Lease for Kelowna homeless shelter extended to Dec. 31
For now, Inn from the Cold will continue to shelter homeless citizens. Come January 1st, though, it’s eviction time. Again.
On Tuesday, Inn from the Cold executive director Jan Schulz announced that a second extension had been granted by the Inn’s landlord. Originally, the non-profit shelter was slated to close on September 30th, with the landlord wanting to redevelop the building that houses Inn from the Cold.
Inn from the Cold operates a year-round shelter for approximately 45 homeless people, with rules and protocols they must follow. When the original September deadline neared, an extension to October 31st was granted. Now a second extension has been granted.
“We’re grateful to our current landlord that we can continue to shelter some of Kelowna’s most vulnerable, although a closure date in the dead of winter is troublesome as these people will likely have nowhere else to go,” said Schulz.
Since being told the landlord wants to redevelop the building, Inn from the Cold has had trouble finding a new locale. Ideally, Schulz says the Inn is looking for 2,500 square feet of leasable space, preferably in a commercial setting outside of downtown.
Also, some Inn residents will be moving to a 46-unit complex on Commerce Avenue, a controversial social housing project that’s slated to open on November 1st.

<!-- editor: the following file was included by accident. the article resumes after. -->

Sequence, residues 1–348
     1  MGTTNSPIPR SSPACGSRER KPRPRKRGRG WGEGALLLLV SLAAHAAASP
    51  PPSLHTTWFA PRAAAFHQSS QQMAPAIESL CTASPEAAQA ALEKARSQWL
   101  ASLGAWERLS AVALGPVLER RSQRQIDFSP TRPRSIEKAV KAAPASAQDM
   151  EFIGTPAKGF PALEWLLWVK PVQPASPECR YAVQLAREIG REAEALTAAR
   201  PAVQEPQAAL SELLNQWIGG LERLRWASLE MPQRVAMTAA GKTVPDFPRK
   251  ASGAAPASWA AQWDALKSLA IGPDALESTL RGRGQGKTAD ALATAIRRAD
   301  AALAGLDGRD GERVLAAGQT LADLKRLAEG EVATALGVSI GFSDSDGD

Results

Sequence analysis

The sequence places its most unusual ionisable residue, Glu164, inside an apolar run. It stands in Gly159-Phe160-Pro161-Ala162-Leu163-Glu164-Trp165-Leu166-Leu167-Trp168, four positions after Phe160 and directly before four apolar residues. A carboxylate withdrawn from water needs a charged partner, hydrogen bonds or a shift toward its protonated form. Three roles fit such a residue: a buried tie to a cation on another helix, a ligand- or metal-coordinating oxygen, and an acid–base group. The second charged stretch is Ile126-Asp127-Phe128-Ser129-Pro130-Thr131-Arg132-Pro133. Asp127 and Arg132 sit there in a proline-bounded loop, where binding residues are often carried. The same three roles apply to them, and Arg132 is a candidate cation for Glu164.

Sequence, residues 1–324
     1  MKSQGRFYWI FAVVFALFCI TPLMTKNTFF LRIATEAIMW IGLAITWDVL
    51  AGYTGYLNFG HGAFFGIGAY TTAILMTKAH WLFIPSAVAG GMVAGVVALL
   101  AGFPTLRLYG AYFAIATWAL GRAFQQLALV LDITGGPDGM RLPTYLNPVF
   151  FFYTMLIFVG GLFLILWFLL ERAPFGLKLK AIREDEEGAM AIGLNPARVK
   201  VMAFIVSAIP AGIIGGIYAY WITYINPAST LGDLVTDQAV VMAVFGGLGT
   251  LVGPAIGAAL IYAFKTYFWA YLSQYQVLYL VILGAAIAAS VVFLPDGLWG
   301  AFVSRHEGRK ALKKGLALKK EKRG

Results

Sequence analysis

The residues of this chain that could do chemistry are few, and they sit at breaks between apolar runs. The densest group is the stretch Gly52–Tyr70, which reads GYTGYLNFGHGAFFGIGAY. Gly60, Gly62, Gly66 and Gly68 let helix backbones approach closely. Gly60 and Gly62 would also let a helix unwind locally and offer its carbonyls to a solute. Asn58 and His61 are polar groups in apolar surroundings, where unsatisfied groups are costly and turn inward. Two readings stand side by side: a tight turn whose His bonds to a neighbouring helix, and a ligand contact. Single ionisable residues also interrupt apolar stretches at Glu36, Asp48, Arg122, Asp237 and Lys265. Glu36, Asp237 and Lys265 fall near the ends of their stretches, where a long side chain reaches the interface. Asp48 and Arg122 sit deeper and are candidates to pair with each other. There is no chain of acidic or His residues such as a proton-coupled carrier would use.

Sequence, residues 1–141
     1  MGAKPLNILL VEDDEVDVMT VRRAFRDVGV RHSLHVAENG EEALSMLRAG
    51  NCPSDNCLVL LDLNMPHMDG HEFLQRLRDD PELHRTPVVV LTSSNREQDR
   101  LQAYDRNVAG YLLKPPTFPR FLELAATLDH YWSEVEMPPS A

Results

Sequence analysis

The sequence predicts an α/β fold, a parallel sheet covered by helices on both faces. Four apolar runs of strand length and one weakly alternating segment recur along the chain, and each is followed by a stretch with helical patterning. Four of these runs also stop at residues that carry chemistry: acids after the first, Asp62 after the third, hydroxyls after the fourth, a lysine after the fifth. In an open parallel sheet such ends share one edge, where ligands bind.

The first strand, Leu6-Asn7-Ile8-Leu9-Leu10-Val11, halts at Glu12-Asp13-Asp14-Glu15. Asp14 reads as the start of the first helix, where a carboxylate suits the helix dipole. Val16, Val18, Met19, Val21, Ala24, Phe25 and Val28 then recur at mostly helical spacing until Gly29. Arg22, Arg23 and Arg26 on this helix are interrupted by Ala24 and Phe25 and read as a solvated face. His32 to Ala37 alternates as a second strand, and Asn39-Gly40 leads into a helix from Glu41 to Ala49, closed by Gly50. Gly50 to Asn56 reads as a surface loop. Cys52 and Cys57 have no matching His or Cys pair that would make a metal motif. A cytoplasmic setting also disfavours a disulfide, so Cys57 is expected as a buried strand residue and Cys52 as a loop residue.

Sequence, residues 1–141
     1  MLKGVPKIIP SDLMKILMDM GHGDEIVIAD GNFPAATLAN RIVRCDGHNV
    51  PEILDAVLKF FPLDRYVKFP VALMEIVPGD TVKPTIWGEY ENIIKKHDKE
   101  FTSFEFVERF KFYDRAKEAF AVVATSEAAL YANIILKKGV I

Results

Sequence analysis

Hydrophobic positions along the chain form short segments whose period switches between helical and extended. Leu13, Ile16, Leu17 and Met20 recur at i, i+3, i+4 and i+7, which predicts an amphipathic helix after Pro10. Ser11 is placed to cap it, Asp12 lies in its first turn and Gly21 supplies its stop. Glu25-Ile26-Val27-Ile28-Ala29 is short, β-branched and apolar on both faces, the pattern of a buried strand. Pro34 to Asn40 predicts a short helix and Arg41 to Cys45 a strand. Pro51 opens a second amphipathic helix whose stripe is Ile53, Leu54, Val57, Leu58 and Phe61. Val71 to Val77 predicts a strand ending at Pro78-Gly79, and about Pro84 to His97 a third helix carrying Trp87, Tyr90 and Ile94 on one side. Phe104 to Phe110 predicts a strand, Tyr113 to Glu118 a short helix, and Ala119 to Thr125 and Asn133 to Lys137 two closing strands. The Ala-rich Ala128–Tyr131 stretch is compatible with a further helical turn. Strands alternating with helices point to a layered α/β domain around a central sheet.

Schulz says supportive housing is a stepping stone from homelessness and marginalization to security, belonging and contributing as a member of the community.
“Those approved for supportive housing will pay rent, but will also receive the necessary support to ensure their journey back from homelessness will be a success,” says Schulz.
Meanwhile, with its future in limbo, Schulz says the Inn is struggling.
“Surely, a solution can be found. I can’t imagine anyone finds palatable the alternative of more people living rough on Kelowna’s streets in winter,” said Schulz. “Between managing the shelter short-staffed, trying to locate new space and facilitating those moving to modular housing, we are stretched pretty thin and could really use some help.”
Schultz also said “we are hugely grateful for any help, but ask that those emailing nasty comments about what we can do with the Kelowna citizens we shelter to please desist. The people we shelter could be your neighbours or they could be you, as the line between having a home or being without is thin and anyone can find themselves on the other side of it.”
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